The U.S. Farm Service Agency, a lifeline for farmers to federal commodity programs, is considering plans to close some of its county offices around the country, including 16 in Georgia, officials say.
The offices that would be closed include one in Greene County - between Thomson and Atlanta - but none of the other east Georgia or Augusta-area offices, including those in Burke and Richmond counties, would be affected, said John Stone, spokesman for U.S. Rep. Charlie Norwood.
"This plan to close offices was something that started four or five years ago," he said. "The FSA decided to close small offices all over the country, including those in Georgia."
As a result of the debate that followed, more local input was sought on which offices would be consolidated, Mr. Stone said. The original proposal called for the closing of 38 Georgia offices.
The offices that would be closed, in addition to Greene County, are: Dougherty, Pulaski, Seminole, Ware, Wheeler, Baker, Evans, Hall, Houston, Johnson, Lanier, Brantley, Walker, Coweta and Irwin/Ben Hill.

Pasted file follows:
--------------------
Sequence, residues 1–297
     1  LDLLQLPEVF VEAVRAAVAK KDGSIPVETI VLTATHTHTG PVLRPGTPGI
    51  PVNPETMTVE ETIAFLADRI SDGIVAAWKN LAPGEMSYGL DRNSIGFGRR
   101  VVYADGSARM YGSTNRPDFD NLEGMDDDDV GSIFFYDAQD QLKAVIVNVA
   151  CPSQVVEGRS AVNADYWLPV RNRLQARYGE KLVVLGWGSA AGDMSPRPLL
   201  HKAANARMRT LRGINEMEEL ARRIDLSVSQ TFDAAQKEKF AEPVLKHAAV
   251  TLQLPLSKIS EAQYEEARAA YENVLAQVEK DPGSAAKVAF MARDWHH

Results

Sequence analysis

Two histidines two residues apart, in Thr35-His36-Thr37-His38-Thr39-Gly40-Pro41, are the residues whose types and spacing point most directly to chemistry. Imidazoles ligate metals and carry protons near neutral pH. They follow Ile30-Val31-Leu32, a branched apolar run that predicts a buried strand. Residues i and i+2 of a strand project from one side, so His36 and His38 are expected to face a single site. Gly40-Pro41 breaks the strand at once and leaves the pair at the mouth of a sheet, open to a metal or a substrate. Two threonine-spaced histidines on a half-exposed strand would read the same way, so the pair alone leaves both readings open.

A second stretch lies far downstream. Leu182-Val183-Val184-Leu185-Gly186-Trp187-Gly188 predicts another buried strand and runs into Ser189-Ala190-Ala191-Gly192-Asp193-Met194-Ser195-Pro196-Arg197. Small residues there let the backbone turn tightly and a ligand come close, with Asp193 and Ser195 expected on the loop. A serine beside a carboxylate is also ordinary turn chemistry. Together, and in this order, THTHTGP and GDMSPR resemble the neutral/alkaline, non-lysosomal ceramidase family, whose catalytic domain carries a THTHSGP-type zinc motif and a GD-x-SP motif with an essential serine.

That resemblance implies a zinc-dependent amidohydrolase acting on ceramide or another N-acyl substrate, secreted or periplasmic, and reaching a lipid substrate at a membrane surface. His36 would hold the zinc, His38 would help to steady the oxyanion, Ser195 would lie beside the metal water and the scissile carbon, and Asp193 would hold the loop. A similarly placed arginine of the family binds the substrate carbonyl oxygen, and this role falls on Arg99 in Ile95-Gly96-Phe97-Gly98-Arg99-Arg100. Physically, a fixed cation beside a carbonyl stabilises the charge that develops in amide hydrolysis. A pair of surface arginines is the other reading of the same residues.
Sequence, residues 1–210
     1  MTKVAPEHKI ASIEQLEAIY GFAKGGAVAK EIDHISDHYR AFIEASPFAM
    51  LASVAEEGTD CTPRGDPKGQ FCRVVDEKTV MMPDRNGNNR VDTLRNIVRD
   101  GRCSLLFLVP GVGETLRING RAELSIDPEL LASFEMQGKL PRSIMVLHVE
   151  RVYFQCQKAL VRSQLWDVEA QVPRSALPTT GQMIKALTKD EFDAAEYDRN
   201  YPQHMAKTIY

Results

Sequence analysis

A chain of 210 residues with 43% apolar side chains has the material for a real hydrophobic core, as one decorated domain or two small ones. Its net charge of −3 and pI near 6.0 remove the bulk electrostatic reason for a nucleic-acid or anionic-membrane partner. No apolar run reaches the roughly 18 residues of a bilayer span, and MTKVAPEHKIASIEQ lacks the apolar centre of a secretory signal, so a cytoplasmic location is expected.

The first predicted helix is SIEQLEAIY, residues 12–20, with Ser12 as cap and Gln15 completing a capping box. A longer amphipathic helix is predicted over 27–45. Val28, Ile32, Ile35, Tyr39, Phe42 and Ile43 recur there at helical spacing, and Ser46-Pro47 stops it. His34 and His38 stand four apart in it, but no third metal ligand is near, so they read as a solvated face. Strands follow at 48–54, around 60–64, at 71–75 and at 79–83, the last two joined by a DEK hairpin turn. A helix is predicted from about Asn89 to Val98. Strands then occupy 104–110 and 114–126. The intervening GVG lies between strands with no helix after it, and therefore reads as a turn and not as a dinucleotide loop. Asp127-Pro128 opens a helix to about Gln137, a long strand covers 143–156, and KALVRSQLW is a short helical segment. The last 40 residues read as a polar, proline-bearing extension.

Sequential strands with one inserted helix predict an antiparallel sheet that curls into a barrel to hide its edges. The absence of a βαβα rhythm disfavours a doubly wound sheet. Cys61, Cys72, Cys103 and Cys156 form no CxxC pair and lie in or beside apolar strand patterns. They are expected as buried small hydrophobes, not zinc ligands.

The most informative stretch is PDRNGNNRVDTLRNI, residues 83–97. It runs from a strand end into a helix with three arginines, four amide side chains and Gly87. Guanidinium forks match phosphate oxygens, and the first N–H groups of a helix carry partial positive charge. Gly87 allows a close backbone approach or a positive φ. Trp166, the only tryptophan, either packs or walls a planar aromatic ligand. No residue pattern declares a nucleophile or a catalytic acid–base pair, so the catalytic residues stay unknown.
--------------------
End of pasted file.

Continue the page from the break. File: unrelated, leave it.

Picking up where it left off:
Steven Connelly, the agency's deputy administrator for field operations in Washington, said the consolidation is designed to improve efficiency and provide better services to farmers.
But farmer Armond Morris, chairman of the Georgia Peanut Commission, said any reduction needs to be carefully considered.
"If we have to drive 50 or 75 miles, it could ... take a lot of time during the busy season," he said.
Farmers rely on their local FSA offices and visit them often to submit reports and fill out forms that determine the amount they receive in federal crop payments. When there's an agricultural disaster, such as the drought that resulted in 155 of Georgia's 159 counties recently being declared disaster areas, farmers go to their county FSA offices to document their losses and apply for assistance.